In short, Gaines’ claim arose out of a dispute in May of 2013 when Gaines’ father, a county commissioner, “blasted” the Hunstville City Board of Education and Dr. Wardynski for recent actions they were taking.  Gaines, who was a teacher in the Huntsville school system at the time, alleged that, after the article was published, she was denied a promotion to one of three open teaching positions in retaliation for her father’s comments. While the district court denied Dr. Wardynski’s motion for summary judgment based on qualified immunity, the Eleventh Circuit reversed.  Through its decision, the Eleventh Circuit reminded practitioners that, in order for a constitutional right to be clearly established by law under the doctrine of qualified immunity, the clearly established law must be specifically particularized to the facts of the case. The Eleventh Circuit concluded in Gaines that the case law that the district court and Gaines cited “was not particularized to the facts of the case, but rather merely set out First Amendment principals at a high level of generality.”  As a result, the Eleventh Circuit concluded that the defendants had not violated a clearly established constitutional right.

As a part of its decision, the court emphasized that whether a right is clearly established turns on whether the governmental official had fair warning.  According to the court, there are three methods for a plaintiff to show fair warning: (1) citing a materially similar case already decided; (2) pointing to a broader clearly established principle that should control the novel facts of the situation; and (3) where the conduct of a situation so obviously violates the constitution, prior case law is unnecessary.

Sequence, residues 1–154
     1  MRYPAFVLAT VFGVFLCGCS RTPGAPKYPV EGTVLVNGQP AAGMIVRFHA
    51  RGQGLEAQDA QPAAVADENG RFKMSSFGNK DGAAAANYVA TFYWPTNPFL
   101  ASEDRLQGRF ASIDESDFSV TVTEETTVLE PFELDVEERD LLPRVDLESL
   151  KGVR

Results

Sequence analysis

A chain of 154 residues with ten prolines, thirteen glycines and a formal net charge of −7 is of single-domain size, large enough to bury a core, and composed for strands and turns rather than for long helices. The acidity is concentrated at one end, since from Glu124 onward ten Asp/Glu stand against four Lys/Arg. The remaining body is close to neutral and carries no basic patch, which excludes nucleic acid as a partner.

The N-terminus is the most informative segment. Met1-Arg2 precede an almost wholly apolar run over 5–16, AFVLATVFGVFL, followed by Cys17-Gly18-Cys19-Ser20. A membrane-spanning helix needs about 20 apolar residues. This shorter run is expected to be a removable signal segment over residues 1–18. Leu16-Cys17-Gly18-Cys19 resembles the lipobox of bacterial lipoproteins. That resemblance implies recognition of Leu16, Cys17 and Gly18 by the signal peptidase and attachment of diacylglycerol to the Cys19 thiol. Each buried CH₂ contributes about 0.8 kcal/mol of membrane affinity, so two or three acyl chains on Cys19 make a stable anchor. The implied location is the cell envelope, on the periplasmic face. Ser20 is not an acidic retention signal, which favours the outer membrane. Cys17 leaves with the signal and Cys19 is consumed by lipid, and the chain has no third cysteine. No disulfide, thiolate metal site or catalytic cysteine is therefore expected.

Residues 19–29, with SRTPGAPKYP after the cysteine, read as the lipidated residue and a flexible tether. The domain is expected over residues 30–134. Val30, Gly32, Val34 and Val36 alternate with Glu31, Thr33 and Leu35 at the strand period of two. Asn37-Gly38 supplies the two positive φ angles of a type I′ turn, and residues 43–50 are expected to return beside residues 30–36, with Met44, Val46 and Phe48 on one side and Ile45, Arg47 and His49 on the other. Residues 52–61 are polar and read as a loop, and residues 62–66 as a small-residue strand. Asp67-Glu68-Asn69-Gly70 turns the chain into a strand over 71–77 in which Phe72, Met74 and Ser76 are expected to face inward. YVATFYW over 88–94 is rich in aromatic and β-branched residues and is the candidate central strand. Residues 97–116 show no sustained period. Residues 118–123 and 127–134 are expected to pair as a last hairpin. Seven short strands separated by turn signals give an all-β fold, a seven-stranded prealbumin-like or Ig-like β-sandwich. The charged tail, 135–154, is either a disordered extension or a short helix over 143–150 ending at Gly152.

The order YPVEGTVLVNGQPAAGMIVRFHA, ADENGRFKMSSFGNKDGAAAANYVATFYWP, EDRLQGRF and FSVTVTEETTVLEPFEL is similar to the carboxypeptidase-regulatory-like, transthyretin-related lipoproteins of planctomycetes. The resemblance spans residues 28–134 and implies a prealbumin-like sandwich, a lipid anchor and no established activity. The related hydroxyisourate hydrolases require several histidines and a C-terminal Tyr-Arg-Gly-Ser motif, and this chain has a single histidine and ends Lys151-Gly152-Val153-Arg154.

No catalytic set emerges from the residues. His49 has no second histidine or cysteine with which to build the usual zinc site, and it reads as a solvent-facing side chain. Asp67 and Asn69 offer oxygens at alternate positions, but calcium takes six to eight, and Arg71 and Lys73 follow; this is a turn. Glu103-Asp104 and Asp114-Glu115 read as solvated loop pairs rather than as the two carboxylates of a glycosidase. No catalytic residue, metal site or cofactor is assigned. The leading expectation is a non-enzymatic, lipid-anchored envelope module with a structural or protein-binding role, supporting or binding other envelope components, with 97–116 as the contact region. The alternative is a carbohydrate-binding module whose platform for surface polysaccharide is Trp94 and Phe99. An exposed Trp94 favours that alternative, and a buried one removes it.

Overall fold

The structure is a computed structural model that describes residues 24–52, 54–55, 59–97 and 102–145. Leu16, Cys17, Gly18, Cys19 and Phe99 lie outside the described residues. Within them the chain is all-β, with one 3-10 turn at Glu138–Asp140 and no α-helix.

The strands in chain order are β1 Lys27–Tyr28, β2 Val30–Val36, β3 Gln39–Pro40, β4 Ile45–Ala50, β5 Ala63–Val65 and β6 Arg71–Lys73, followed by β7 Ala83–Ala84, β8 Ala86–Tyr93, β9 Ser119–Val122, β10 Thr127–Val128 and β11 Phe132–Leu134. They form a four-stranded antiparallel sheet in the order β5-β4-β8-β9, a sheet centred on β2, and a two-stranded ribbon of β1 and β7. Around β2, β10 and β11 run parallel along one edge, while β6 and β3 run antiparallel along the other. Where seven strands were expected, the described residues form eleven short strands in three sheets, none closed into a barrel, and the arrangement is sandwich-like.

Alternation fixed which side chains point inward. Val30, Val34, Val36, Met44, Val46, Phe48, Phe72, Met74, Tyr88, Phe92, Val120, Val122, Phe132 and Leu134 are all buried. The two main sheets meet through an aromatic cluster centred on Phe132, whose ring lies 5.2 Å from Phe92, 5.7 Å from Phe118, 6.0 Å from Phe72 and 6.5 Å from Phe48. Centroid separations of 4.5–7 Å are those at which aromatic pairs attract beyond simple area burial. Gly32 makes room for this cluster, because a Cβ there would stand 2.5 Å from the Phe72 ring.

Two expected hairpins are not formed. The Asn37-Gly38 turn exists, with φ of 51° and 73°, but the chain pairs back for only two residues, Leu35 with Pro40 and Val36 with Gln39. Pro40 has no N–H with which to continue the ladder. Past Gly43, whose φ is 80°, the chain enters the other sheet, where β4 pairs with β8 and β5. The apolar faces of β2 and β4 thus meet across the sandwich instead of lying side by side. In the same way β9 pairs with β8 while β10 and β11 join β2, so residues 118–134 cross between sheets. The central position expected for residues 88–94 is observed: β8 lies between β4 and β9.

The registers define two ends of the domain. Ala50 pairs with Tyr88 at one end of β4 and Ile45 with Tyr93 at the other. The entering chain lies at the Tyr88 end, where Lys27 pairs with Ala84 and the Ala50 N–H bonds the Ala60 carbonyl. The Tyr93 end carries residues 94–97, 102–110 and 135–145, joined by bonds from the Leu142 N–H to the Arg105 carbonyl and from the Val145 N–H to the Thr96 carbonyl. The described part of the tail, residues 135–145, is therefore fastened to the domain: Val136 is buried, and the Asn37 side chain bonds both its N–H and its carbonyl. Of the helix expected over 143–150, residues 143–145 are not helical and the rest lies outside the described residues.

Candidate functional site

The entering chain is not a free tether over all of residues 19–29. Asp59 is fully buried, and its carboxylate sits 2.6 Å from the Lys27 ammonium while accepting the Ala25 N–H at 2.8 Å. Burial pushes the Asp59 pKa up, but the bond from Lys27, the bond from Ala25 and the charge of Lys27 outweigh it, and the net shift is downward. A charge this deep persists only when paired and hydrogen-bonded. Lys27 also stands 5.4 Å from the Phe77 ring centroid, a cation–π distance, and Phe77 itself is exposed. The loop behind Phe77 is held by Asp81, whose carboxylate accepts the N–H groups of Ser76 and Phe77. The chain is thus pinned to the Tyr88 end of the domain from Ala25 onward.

Here, the court quickly moved past the second and third methods, which are rare and generally involve cases of egregious conduct. Instead, this decision turned on whether there was a materially similar case already decided. The Eleventh Circuit stressed that the “materially similar case” analysis is not a general inquiry, but rather must (1) be particularized to the facts; (2) be particularized to the context; and (3) give notice to the governmental official.  As a part of its analysis, the Eleventh Circuit stopped short of saying that the facts must be directly on point, but emphasized the facts must be close enough to put the “question beyond debate” and must come from a previously-issued decision of the United States Supreme Court, the governing federal court of appeals, or the applicable state supreme court.

In the end, the Gaines decision emphasized just how difficult it is for a plaintiff to overcome qualified immunity because of the level of particularity required for a case to be materially similar in facts and context.  As a result, when government officials are facing suits for constitutional violations, it is critical for them to remember to assess the potential use of a qualified immunity defense at the outset of the case.

If you have any questions or would like more information, please contact Bradley Adler at [email protected] or Will Collins at [email protected].

Will California Change the Statute of Limitations for Presentation of Minors’ Claims under the Government Claims Act?

Posted on: October 2nd, 2017